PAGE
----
According to Datasembly, a data analytics firm, between 2 and 8 percent of stores could not stock baby formula in the first half of 2021. However, between November 2021 and early April 2022, the out-of-stock rate jumped to 31 percent. In just three weeks, that rate increased by 9 percentage points, and now 40 percent of stores in the US are completely sold out of formula.

In six states—Iowa, South Dakota, North Dakota, Missouri, Texas and Tennessee—the out-of-stock rate for baby formula was over 50 percent during the week starting April 24, according to Datasembly. Additionally, 26 states had out-of-stock rates higher than 40 percent, compared to just seven states three weeks earlier. Major US pharmacies such as CVS and Walgreens have imposed limits on how many cans customers can buy at a time.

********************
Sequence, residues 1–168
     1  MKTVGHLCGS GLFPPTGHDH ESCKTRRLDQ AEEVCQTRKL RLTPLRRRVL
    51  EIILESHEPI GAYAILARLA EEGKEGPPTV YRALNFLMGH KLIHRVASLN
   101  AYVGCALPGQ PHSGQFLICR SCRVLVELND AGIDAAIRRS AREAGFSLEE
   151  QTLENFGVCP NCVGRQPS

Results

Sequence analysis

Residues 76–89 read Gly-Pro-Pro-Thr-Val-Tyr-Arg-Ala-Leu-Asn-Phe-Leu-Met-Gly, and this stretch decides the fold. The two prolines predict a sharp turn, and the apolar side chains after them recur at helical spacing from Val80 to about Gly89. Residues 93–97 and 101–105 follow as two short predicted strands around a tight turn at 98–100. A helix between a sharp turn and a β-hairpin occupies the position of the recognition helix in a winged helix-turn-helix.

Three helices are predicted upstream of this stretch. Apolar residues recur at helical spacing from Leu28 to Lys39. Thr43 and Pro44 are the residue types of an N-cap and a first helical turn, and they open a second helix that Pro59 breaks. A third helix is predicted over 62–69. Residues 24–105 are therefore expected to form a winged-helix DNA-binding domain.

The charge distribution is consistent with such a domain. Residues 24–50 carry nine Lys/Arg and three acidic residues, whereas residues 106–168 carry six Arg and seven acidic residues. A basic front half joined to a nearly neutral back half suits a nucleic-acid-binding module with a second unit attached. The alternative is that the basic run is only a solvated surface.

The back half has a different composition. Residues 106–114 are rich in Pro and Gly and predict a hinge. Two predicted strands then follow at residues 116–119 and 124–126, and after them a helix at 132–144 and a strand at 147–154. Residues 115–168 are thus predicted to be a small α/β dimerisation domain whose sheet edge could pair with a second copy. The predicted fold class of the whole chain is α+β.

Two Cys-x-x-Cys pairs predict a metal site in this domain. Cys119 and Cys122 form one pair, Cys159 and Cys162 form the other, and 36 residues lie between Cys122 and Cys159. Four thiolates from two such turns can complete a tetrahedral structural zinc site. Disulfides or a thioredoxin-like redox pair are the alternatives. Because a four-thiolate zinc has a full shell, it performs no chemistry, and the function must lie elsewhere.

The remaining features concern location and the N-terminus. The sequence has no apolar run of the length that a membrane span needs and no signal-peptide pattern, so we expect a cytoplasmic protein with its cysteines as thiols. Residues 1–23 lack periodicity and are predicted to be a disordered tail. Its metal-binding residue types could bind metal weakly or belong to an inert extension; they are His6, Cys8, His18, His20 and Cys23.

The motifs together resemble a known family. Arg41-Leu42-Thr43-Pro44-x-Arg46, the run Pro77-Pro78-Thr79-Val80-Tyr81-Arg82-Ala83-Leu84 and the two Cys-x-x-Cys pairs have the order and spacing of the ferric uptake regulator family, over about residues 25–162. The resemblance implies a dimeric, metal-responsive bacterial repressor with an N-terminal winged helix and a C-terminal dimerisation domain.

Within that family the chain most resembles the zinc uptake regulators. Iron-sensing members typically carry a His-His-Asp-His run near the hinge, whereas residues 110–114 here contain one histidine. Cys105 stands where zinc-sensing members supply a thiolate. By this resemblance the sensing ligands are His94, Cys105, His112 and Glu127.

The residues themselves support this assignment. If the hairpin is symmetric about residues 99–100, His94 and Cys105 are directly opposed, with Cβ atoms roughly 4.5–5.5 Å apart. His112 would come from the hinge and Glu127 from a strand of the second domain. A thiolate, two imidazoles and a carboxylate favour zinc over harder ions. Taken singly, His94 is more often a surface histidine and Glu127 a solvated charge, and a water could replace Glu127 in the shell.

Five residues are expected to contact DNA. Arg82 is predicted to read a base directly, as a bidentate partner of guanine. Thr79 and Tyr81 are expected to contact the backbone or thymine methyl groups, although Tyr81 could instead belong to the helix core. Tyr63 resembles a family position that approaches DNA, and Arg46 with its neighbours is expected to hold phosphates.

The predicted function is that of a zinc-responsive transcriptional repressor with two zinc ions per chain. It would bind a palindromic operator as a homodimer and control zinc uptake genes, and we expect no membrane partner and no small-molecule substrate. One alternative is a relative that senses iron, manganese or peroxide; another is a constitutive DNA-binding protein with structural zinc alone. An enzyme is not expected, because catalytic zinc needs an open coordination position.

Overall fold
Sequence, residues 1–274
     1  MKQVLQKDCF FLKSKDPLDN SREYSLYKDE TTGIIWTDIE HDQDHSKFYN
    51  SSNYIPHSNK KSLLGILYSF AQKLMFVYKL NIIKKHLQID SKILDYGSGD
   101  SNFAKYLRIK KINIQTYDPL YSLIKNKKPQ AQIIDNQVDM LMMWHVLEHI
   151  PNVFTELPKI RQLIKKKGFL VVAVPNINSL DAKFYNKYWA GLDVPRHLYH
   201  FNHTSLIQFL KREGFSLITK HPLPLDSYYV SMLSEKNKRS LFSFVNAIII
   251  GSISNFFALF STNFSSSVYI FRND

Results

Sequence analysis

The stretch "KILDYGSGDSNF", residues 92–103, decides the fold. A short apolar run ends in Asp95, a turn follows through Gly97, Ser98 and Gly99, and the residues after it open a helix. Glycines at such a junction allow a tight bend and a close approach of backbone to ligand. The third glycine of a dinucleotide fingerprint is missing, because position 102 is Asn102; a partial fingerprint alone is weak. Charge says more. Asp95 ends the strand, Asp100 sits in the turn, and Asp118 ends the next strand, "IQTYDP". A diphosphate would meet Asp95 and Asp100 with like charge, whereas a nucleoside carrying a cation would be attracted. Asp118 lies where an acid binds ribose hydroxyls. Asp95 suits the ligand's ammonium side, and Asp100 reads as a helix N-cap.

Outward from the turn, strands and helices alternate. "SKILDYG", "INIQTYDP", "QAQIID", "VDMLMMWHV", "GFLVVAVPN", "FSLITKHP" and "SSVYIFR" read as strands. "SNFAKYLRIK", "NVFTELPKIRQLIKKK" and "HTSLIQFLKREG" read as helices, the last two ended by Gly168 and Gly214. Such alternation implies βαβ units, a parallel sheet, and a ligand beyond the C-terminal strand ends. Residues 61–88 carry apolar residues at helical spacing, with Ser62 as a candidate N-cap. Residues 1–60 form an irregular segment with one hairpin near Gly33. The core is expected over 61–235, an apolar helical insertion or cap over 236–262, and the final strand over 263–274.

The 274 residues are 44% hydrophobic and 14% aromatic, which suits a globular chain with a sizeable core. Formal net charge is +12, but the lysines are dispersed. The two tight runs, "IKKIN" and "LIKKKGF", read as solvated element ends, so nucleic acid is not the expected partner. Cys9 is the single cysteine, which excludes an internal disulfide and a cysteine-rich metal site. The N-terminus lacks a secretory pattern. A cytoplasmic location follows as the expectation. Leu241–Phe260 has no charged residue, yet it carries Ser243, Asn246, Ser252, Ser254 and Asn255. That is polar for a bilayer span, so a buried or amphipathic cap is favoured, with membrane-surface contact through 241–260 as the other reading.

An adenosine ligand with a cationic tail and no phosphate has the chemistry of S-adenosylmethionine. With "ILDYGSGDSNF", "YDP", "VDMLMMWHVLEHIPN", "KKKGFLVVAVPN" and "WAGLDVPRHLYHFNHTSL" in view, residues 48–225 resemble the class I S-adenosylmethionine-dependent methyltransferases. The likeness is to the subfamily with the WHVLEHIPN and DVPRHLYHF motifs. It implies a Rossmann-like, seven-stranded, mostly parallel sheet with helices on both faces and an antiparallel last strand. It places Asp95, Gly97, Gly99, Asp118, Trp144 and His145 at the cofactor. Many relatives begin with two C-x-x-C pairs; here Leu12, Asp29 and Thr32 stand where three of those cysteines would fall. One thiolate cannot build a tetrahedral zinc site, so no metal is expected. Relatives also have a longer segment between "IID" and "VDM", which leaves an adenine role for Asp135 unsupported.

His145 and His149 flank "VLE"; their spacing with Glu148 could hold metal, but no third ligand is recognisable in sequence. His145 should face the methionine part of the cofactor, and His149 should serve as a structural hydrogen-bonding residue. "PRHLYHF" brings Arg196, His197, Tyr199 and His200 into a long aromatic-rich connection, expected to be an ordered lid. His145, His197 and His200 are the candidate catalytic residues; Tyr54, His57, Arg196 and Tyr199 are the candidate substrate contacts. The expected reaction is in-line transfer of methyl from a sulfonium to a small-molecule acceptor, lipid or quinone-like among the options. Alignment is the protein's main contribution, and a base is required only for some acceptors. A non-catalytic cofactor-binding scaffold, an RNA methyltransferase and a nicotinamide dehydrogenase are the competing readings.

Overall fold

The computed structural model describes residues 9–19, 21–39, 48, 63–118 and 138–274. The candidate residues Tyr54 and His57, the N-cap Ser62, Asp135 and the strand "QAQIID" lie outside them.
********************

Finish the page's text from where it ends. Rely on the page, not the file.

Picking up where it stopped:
According to the US Department of Agriculture, at-home food prices are expected to rise another 5 to 6 percent in 2022, and food-away-from-home prices are predicted to increase between 5.5 and 6.5 percent.

President Joe Biden delivered a speech Tuesday blaming inflation on the COVID-19 pandemic and the Russian invasion of Ukraine. In a statement dripping with hypocrisy, Biden claimed he understood the problems with which working Americans are grappling, and said his administration and the Federal Reserve were treating the matter as a top issue.

“I know that families all across America are hurting because of inflation,” Biden said in a 20-minute speech from the White House. “I want every American to know that I am taking inflation very seriously and it is my top domestic priority.”